Solar power lights up hospital wards and delivery rooms

Japanese funds bring light and power to small hospitals where electricity can be unreliable

Mortality rates for Somali mothers and children are among the highest in the world. More reliable power supplies in hospitals and clinics can improve medical care and save lives.

What does a hospital need? It needs buildings and staff, equipment and medicine. But it also needs electrical power to run that equipment, refrigerate medicines refrigerated ad keep the lights on at night so staff can treat patients for emergencies whenever they happen.

Thanks to Japanese funding, UNDP has been able to supply two medical facilities in Somaliland with solar panels that will ensure a steady supply of free power.

Newly-built Arabsio Hospital, located around 35km west of Hargeisa, has beds for 50 patients and will serve an estimated 35,000 people in the local area. Since the hospital is on the main road connecting Hargeisa to Ethiopia, it is also expected to deal with injuries from frequent traffic accidents on this route.

On the other side of Hargeisa, in Caramadaw village, the local health centre serves about 1,000 households but has often had to delay treatment when the power fails.

“Now we can ensure that medicines are kept cool without interruption,” explains health centre manager, Hasan Said Omer. “The solar panels also provide free energy and allow us to deliver babies at all times.”

Much of the health centre’s work is focused on mothers and children. There are almost 2,000 children under five in the area around Caramadaw and the health centre can treat as many as 10 children a day.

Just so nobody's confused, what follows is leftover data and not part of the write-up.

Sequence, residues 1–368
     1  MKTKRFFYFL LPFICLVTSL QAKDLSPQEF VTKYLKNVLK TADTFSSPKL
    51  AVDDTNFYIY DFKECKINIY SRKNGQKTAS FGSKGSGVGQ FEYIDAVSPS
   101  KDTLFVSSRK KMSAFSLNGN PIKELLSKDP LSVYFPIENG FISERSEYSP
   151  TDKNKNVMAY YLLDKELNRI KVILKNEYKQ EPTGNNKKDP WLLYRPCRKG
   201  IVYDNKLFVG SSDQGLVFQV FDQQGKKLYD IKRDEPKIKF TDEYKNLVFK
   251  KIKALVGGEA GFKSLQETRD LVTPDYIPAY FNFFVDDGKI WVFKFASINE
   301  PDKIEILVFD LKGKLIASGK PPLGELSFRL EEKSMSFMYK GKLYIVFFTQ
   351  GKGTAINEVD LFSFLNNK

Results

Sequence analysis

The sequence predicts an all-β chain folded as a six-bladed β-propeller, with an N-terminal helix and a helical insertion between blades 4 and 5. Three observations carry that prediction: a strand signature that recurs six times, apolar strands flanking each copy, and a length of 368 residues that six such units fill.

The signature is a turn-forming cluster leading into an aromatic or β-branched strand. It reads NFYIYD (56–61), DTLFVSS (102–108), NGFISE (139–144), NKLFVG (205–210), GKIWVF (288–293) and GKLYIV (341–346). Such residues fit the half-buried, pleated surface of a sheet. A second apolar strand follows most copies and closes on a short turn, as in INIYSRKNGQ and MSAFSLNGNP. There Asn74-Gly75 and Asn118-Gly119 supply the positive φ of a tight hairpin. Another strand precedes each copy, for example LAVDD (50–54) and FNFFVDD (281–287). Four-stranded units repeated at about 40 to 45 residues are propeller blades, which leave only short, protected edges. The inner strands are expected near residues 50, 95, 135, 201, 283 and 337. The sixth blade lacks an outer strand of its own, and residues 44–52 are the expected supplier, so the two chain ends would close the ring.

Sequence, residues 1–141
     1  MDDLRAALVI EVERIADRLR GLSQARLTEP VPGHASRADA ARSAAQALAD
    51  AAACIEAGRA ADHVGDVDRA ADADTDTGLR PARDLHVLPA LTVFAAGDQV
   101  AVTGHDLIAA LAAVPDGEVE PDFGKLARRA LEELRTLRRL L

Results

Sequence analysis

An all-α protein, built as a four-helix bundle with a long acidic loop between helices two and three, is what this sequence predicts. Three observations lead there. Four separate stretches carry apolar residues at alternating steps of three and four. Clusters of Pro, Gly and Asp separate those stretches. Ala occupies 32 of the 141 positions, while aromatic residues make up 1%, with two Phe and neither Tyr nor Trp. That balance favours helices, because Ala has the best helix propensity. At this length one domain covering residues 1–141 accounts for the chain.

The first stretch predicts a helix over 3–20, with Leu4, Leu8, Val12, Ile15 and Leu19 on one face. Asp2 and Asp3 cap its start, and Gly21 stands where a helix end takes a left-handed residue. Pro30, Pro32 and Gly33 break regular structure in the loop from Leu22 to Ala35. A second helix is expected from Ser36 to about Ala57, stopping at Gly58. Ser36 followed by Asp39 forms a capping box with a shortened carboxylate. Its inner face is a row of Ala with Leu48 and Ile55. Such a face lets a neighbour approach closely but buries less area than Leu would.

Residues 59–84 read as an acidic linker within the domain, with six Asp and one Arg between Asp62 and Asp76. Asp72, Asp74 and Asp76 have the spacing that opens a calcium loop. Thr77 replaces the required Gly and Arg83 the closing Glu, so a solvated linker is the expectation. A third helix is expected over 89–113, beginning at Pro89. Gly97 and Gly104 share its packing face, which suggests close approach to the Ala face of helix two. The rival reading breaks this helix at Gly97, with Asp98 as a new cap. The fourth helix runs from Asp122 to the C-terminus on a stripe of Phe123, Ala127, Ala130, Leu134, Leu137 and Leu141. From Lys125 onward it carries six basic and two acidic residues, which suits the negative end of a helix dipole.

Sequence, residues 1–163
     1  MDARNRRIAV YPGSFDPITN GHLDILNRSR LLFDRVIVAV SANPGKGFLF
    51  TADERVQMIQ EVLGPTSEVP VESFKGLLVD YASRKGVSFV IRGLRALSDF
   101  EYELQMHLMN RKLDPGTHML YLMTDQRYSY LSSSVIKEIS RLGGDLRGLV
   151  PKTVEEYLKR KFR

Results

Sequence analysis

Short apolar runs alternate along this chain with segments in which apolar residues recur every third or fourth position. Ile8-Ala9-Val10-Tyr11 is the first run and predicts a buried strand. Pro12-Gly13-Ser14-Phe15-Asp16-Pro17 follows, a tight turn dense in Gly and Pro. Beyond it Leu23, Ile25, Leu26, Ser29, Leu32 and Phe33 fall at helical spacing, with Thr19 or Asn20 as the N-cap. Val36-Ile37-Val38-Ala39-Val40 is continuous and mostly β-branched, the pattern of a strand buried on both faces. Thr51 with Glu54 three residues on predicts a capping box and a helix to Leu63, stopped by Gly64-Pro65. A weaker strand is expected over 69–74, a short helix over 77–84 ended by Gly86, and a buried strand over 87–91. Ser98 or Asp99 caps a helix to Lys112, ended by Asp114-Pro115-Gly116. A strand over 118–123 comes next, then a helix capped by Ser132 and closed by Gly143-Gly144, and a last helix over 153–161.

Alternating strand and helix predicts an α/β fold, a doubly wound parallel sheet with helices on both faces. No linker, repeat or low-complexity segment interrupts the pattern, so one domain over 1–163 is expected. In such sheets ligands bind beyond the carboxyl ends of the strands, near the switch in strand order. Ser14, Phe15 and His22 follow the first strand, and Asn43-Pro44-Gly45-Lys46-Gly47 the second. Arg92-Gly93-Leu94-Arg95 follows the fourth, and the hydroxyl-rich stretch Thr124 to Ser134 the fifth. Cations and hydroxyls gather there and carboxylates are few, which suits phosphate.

Awo Abdi, a doctor at Caramadaw health centre, says the new solar panels allow staff to see what they are doing when deliveries to take place even at night.

“Having light at night is essential when we have deliveries to perform,” said local doctor, Awo Abdi. This is particularly important in a country where currently only 1 in 5 women give birth in a health facility.

COVID-19 has placed a severe strain on the Somali health system, which was among the weakest in the world even before the pandemic, with one of the lowest doctor-to-patient ratios (around 1 per 50,000 people) and some of the highest infant and maternal mortality figures. Bringing power to local hospitals is one way to help get those numbers down.

This work is part of a US$1.2 million grant from the Japanese Government to help address the socio-economic fallout from the COVID-19 pandemic. This includes delivering masks, soap and other supplies, training local youth and vulnerable groups for new work opportunities and raising awareness of how to prevent the spread of the virus.

For other ways UNDP is helping to support mother and child healthcare see this video:

For more of our work on alternative energy in healthcare facilities see:

For an overview of our other work on alternative energy:

The United Nations Development Programme (UNDP) works to achieve the eradication of poverty and the reduction of inequalities and exclusion.